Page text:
How to Write (Better) Release Notes in 7 Steps

For some businesses, release notes are the only way product enhancements are communicated to customers. For others, they’re a sideline, developed entirely separately from user communications.

But if you want to do more with less — if you want to improve customer retention communications without having to do a stack more work — your release notes could be an unexpected, but valuable answer. Especially if they’re well done.

Release notes document new features, enhancements to functionality, and bug fixes. They’re usually concise and fairly direct, and naturally assume a level of familiarity with your product. The process I’ve set out below should make it easy to produce good quality release notes for your product that meet that need for your business and your customers.

But, if you want, this process will also provide you with solid fodder for other release communications — like emails or blog posts or feature tours — that can help remind customers how committed you are to improving what you offer to them. And let’s face it, we all want to know we’re loved even after we’ve made a choice and signed up with a service.

Let’s see how this can work for you.

1. Be clear on your target audience, and the purpose of the notes

Who reads release notes? For some products, the majority of users will check out each release note; for others, it’s a very select, specific subset of the main userbase.

Once you know who you’re creating the release notes for, you can understand why they’re reading the notes. And that drives the next step.

The release notes for the product I work on aren’t read by anyone but a very small percentage of users within key client accounts. And they have very specific reasons for reading the release notes – some have internal documentation they need to keep updated, for example.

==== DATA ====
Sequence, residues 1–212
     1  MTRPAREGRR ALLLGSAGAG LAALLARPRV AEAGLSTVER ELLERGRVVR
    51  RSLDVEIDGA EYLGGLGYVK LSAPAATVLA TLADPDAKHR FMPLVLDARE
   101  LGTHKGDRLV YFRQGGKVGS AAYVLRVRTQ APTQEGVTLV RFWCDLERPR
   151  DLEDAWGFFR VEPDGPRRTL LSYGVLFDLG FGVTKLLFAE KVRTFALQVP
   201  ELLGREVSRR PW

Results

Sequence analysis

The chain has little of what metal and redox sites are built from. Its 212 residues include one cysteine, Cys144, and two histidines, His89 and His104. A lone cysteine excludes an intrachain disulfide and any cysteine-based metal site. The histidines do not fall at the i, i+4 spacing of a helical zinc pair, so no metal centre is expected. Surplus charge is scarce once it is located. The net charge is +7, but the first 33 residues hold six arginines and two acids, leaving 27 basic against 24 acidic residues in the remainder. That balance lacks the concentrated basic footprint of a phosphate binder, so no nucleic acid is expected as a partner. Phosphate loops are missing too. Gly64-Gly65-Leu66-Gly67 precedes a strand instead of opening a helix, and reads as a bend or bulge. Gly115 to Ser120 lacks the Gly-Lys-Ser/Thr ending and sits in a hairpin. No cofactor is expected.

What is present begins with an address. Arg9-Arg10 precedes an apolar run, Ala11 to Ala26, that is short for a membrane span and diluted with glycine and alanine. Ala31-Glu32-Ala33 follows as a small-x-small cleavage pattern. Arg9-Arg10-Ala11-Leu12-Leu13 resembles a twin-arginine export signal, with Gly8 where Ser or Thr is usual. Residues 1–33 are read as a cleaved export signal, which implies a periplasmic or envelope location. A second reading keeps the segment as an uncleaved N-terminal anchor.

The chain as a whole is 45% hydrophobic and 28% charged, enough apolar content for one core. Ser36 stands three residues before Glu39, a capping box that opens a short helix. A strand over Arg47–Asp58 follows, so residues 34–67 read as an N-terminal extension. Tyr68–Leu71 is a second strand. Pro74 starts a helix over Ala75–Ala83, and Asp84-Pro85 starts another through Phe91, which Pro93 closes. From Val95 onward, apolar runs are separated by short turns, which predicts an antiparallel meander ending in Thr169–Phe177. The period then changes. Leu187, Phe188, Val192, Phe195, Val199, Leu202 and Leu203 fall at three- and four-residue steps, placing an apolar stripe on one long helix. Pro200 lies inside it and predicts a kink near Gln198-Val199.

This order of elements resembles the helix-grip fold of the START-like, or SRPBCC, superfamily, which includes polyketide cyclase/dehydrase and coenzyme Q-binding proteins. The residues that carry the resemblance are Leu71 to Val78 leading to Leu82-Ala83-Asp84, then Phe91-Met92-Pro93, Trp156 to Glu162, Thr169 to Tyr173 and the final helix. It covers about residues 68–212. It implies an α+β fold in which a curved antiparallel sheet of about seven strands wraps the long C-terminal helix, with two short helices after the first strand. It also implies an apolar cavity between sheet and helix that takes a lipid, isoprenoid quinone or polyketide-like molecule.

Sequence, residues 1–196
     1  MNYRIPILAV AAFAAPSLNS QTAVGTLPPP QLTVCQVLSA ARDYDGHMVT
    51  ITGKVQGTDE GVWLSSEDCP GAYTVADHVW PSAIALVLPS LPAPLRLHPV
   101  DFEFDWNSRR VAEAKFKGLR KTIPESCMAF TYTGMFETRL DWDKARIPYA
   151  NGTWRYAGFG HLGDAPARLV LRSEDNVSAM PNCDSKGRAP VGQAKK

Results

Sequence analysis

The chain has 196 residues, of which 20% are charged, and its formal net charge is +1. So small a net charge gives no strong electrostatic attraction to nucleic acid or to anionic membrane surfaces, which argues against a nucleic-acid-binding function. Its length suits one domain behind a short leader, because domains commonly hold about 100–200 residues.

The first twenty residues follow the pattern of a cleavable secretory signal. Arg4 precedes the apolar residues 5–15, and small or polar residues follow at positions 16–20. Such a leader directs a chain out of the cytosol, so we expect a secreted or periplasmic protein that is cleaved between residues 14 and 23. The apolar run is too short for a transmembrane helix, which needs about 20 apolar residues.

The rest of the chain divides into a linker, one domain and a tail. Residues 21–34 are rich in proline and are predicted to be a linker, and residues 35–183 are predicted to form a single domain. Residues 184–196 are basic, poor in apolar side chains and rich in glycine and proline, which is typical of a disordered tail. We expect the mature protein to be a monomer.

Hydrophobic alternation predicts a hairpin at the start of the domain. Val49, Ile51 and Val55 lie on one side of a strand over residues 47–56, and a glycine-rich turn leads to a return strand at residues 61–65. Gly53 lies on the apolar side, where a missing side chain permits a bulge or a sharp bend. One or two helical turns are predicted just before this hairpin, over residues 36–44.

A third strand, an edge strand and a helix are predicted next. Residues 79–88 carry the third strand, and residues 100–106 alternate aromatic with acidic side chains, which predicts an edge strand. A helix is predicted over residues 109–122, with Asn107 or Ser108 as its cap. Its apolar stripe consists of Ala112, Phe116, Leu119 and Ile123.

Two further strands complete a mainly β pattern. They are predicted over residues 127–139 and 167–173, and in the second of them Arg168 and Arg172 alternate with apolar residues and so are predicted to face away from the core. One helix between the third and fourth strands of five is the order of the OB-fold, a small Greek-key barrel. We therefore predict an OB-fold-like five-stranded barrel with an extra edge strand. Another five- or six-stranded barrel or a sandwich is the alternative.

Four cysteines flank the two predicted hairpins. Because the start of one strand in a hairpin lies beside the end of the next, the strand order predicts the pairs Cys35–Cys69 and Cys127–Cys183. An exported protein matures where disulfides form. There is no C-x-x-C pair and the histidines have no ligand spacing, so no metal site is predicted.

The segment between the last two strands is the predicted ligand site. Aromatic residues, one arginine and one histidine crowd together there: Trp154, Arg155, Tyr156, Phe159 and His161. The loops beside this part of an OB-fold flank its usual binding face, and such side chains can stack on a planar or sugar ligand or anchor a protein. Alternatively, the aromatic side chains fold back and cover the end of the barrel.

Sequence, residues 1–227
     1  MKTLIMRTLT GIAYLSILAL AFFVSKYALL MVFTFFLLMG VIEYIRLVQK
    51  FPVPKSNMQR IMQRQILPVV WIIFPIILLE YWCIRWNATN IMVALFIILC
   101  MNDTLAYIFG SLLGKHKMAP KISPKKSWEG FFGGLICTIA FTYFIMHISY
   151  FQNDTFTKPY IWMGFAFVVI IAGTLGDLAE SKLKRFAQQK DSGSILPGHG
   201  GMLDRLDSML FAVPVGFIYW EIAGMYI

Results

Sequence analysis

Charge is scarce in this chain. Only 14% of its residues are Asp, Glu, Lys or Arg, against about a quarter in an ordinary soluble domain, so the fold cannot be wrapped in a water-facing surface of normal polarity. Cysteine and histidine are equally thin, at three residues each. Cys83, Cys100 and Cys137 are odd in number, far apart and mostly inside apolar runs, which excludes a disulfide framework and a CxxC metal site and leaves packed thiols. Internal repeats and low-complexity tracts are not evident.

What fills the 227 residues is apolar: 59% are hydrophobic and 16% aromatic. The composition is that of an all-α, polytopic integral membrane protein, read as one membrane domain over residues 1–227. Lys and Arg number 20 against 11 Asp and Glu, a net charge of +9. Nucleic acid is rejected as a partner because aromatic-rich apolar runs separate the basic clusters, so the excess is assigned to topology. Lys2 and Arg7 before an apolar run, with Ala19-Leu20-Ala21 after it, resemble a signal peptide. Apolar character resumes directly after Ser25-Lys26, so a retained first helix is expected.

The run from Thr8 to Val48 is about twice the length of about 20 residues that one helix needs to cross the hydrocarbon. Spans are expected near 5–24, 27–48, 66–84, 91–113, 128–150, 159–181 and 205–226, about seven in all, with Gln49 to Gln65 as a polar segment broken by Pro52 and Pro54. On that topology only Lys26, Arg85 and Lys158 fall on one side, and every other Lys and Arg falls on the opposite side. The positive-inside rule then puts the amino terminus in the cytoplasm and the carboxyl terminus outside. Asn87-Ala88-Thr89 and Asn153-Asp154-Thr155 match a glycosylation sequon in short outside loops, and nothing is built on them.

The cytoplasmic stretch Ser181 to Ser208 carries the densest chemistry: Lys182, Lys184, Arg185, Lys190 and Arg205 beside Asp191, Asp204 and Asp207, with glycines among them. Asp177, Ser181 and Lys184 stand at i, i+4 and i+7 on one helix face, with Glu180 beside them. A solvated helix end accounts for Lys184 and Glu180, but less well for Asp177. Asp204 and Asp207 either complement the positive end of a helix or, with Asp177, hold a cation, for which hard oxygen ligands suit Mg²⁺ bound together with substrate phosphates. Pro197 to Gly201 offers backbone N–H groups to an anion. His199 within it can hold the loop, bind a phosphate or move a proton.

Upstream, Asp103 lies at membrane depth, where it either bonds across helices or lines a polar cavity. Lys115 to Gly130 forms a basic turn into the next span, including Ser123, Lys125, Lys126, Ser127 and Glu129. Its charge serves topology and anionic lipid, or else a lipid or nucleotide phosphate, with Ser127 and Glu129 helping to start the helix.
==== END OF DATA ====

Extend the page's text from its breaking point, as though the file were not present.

But for some products, the release notes are read by a large portion of users who want to avoid the marketing spin – who want to get to the heart of the product and hear direct from its makers. Knowledge like that won’t just inform what you include and exclude – it can impact the tone in which you write the notes, and how you present them.

2. Work out what they need to know

Release notes are generally expected to document what changes have been made in the current release of your product. So obviously, you’ll have an idea of what you need your readers to know about.

But it’s also important to think about what your readers feel they need to know about. For example, we document bug fixes in a way that ensures whoever reported or noticed the bug will be able to identify it in the list and know it’s been fixed. But we don’t go into depth on each bug fix, since no one needs (or, to be honest wants) to read all that information.

At this point, it’s also a good idea to consider when your readers will need access to the release notes. On the day of release? A week before, so they have time to review them? This will help you schedule the creation of release notes around the work of actually building and deploying the release.

3. Identify what you’ve done in this release

It sounds simple enough, but if you put a good process in place for this step, it will smooth the production of each release note.

For example, you might decide to have a shared document that your developers and product owners can update progressively as work’s completed, rather than at the very end, which can leave you trying to compile the notes in a rush.

You might also break that document up into sections that reflect the kinds of work that’s typically done—say, new features, enhancements to existing functionality, and bug fixes. This will make it easy to see at a glance whether everything in the release has been included in the document.

It will also make it easier to structure the release notes themselves than if you simply had an unstructured list of new stuff.

4. Decide what you need to include